Wednesday, February 19, 2014

Life, Liberty, and Happiness

When you don't know where to start, the beginning is a good choice. Our last stop on our visit to Seagrove actually started several years ago. I was reading Dan Finnegan's blog and he said something like "You all need to read Brenda Hornsby Heindel's blog Well, Dan usually knows what he is talking about so I took a look.I learn something every time she publishes. She is a potter, a farmer, and part time historian who lives in Liberty N.C. near Greensboro. One of her areas of expertise is excavating early kiln sites and looking at the shards and leftover bits of kiln furniture to figure out how the kilns were loaded and fired. She is a real life History Detective. She lectures and has been published on the subject. How cool is that ? Her pottery reflects the Southern salt/wood fired traditions and is available at the Greensboro Farmers Market on Saturdays along with seasonal produce from the farm she and her husband own. Pots are also available on ETSY. You can access it through her blog. Anyway, comments are the currency of the blogosphere. I started reading her blog, she started reading mine. We exchanged enough comments for me to learn that she is from Lebanon, Ohio where I live, She graduated from the ceramics program at Berea College, and that we have some friends in common.We also love the same kinds of pots.

Another of her projects is curating an exhibition at the North Carolina Pottery Center. After she posted about it, I commented and she offered a guided tour of the exhibit.From the curator no less ! We met her at the pottery center after we had lunch and had a very enjoyable tour. There were old pots, new pots, a display of kiln stacking techniques and the best explanation ever on the threads that tie it all together.Time marches on so we gathered around the trunk of her car and sorted through the pots she had brought with her. It put one final dent in our pottery budgets but once you get your hands on her pots you know you need to take some home. Brenda gave us a great tour and it was very generous of her to offer. Currently on her blog, she is trying a new form every week for a year and soliciting constructive criticism on the project. Help me thank her by stopping by her blog and leaving a comment. Here are some pictures. If you click on them you may be able to read the info. I didn't take notes so I only captioned the ones I was sure of. Thanks for stopping by.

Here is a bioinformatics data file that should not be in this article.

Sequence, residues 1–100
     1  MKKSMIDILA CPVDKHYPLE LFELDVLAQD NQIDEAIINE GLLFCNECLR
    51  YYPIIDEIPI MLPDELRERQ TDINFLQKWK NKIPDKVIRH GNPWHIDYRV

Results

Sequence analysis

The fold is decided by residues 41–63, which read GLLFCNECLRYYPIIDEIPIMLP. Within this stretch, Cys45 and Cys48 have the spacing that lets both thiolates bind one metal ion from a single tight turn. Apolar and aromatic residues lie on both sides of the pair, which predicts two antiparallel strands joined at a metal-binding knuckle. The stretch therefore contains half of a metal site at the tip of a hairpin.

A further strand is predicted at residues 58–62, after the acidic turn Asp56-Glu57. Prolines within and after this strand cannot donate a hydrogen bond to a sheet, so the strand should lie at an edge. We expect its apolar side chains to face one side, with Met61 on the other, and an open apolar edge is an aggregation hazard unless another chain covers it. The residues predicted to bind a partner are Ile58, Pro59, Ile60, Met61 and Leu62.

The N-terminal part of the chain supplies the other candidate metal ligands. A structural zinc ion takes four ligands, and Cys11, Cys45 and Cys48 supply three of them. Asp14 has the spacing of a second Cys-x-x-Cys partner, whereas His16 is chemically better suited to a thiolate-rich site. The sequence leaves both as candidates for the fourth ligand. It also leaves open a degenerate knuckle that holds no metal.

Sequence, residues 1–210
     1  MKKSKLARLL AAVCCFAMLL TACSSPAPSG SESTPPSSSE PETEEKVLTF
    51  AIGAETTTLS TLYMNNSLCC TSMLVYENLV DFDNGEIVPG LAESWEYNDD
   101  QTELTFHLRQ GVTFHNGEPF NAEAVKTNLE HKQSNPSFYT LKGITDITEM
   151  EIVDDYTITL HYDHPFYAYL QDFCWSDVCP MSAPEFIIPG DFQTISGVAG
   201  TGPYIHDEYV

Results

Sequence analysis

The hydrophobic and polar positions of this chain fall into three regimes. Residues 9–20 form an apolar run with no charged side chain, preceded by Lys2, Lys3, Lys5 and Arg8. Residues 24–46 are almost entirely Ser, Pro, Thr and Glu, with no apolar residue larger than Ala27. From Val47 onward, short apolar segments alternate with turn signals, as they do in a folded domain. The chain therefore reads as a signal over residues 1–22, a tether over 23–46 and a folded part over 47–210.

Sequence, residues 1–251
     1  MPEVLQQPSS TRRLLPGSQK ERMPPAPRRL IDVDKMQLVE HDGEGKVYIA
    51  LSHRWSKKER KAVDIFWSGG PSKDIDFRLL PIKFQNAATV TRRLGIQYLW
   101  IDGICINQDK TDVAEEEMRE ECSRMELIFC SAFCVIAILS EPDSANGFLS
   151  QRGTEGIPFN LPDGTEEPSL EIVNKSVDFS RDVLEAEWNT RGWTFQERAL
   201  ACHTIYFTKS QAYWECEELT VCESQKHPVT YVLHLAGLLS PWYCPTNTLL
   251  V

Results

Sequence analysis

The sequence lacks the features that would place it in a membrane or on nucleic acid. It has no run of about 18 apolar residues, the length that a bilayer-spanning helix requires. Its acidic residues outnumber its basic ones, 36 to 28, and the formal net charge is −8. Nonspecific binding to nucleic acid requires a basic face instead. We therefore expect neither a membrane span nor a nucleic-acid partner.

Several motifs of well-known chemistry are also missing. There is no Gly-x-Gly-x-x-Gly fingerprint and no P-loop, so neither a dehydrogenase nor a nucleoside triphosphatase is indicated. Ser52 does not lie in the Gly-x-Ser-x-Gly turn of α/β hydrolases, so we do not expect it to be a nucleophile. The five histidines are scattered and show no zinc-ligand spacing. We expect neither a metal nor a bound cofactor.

Two of Brenda's Pots
Kim Ellington


  1. Dennis, great post! And thanks for steering me to Brenda's blog, especially as she has chickens :) but honestly her pots are rock'n, love what she is doing.

  2. Thanks, Dennis! Sorry I am behind in catching up on my blog reading - kiln loading as you know will swamp your mind and body! I can't really claim to excavate kilns (yet), but I want to sincerely thank you for your visit and for your kind words. It means a lot. I'm confirmed for speaking in Ohio at the end of April- so I am coming to visit YOU!


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